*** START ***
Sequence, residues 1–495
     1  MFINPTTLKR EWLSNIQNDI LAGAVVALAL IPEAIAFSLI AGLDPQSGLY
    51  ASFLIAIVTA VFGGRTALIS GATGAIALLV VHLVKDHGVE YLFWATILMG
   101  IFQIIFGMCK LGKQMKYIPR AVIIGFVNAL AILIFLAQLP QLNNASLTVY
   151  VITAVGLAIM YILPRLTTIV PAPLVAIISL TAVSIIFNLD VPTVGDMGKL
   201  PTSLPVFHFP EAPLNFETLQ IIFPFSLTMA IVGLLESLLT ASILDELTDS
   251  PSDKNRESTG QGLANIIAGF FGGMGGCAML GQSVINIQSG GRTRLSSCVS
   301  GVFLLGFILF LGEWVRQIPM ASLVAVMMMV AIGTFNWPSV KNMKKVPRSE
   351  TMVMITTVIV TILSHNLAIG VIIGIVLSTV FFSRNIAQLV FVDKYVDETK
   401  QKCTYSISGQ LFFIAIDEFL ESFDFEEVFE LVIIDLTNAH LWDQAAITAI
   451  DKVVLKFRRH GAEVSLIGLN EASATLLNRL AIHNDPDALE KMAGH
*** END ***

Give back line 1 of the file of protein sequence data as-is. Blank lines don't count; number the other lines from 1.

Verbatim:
Sequence, residues 1–495